Introducing VPC-native clusters for Google Kubernetes Engine
Product Manager, GKE
Software Engineer, Cloud Networking
[Editor's note: This is one of many posts on enterprise features enabled by Kubernetes Engine 1.10. For the full coverage, follow along here.]
Over the past few weeks, we’ve made some exciting announcements around Google Kubernetes Engine, starting with the general availability of Kubernetes 1.10 in the service. This latest version has new features that will really help enterprise use cases such as support for Shared Virtual Private Cloud (VPC) and Regional Clusters for high availability and reliability.
Building on that momentum, we are excited to announce the ability to create VPC-native clusters in Kubernetes Engine. A VPC-native cluster uses Alias IP routing built into the VPC network, resulting in a more scalable, secure and simple system that is suited for demanding enterprise deployments and use cases.
VPC-native clusters using Alias IP
VPC-native clusters rely on Alias IP which provides integrated VPC support for container networking. Without Alias IP, Kubernetes Engine uses Routes for Pod networking, which requires the Kubernetes control plane to maintain static routes to each Node. By using Alias IP, the VPC control panel automatically manages routing setup for Pods. In addition to this automatic management, native integration of container networking into the VPC fabric improves scalability and integration between Kubernetes and other VPC features.
Alias IP has been available on Google Cloud Platform (GCP) for Google Compute Engine instances for some time. Extending this functionality to Kubernetes Engine provides the following benefits:
- Scale enhancements - VPC-native clusters no longer carry the burden of Routes and can scale to more nodes. VPC-native clusters will not be subject to Route quotas and limits, allowing you to seamlessly increase your Cluster size.
- Hybrid connectivity - Alias IP subnets can be advertised by the Cloud Router over Cloud VPN or Cloud Interconnect, allowing you to connect your hybrid on-premises deployments with your Kubernetes Engine cluster. In addition, Alias IP advertisements with Cloud Router gives you granular control over which subnetworks and secondary range(s) are published to peer routers.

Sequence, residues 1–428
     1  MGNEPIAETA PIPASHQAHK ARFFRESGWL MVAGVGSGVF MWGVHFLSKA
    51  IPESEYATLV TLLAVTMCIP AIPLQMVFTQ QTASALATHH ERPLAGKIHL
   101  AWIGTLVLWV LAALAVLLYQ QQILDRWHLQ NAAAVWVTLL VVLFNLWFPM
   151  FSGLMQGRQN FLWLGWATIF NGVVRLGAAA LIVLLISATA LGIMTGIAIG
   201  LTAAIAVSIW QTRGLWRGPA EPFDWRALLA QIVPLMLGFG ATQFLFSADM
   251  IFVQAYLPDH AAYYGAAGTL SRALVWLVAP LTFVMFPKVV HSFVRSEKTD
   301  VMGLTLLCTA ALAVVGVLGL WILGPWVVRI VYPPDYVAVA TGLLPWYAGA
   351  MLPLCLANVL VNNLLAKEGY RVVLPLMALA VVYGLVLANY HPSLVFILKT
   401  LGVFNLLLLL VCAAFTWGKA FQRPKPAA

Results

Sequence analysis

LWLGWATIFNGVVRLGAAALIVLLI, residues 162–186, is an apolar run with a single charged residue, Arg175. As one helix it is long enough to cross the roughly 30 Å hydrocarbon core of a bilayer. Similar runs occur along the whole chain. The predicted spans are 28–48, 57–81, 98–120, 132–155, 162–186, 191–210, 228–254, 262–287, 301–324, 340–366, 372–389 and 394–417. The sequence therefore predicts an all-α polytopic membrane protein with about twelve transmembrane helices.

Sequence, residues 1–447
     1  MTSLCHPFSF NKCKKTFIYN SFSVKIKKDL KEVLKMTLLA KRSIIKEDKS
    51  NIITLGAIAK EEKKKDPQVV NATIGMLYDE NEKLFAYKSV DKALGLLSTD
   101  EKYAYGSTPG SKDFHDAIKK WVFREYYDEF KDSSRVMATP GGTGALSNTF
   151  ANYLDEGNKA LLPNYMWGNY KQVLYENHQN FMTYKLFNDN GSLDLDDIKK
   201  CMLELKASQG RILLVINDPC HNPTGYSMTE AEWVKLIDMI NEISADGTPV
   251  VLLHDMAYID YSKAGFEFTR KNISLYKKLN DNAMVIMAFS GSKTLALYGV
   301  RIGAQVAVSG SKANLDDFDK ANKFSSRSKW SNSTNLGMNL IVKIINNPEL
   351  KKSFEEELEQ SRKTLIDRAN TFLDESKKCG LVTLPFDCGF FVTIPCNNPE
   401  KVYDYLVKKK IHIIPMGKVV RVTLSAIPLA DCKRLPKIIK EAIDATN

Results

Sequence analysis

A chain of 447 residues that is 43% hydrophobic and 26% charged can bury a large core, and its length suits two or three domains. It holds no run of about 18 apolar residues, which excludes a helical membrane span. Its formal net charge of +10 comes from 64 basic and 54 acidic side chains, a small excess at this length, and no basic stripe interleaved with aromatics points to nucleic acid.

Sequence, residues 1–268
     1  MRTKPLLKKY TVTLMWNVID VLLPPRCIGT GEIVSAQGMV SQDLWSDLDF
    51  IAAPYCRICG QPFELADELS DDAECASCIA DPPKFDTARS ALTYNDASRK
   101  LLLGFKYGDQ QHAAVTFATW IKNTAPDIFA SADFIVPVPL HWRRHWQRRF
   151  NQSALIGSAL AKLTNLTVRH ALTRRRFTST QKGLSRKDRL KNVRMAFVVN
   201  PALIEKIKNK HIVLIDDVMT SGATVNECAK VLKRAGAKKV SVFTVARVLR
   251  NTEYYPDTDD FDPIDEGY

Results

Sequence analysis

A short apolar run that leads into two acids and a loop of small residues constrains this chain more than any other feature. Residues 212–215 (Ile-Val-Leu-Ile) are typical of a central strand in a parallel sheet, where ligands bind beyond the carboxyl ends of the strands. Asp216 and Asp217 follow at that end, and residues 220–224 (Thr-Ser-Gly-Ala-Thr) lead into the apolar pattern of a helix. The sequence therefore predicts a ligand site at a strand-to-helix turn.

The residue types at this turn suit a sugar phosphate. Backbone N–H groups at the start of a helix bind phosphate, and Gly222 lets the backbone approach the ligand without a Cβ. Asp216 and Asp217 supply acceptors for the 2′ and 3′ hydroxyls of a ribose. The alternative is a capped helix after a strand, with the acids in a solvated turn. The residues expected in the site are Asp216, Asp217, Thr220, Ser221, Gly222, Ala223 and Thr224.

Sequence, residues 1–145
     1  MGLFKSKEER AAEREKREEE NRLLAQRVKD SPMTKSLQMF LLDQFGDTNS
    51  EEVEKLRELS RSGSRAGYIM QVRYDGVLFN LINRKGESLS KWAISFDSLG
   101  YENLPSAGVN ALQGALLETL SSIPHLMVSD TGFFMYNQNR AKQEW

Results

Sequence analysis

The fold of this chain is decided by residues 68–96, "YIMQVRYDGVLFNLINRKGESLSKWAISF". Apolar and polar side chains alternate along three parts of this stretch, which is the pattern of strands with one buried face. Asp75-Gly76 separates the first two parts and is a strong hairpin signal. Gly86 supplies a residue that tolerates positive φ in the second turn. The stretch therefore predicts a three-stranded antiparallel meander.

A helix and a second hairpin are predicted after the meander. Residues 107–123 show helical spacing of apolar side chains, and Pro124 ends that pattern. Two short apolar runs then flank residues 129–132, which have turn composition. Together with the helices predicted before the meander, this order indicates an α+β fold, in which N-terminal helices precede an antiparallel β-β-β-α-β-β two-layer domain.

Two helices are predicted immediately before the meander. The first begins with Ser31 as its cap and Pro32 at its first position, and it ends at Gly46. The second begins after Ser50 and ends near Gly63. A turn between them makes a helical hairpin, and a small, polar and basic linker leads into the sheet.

- Better VPC integration - Alias IP provides Kubernetes Engine Pods with direct access to Google services like Google Cloud Storage, BigQuery and any other services served from the googleapis.com domain, without the overhead of a NAT proxy. Alias IP also enables enhanced VPC features such as Shared VPC.
- Security checks - Alias IP allows you to enable anti-spoofing checks for the Nodes in your cluster. These anti-spoofing checks are provisioned on instances by default to ensure that traffic is not sent from arbitrary source IPs. Since Alias IP ranges in VPC-native clusters are known to the VPC network, they pass anti-spoofing checks by gidefault.
- IP address management - VPC-native clusters integrate directly into your VPC IP address management system, preventing potential double allocation of your VPC IP space. Route-based clusters required manually blocking off the set of IPs assigned to your Cluster. VPC-native clusters provide two modes of allocating IPs, providing a full spectrum of control to the user. In the default method, Kubernetes Engine auto-selects and assigns secondary ranges for Pods and Services ranges. And if you need tight control over subnet assignments, you can create a custom subnet and secondary ranges and use it for Node, Pods and Service IPs. With Alias IP, GCP ensures that the Pod IP addresses cannot conflict with IP addresses on other resources.
VPC-native clusters, using Alias IPs, in Google Kubernetes Engine allowed us to run our bandwidth-hungry applications on Kubernetes without any of the performance degradation that we had seen when using overlay networks."- Daniel Nelson, Director of Engineering, Vungle
Try it out today!
Create VPC-native clusters in Kubernetes Engine to get the ease of access and scale enterprise workloads require. Also, don’t forget to sign up for our upcoming webinar, 3 reasons why you should run your enterprise workloads on Google Kubernetes Engine.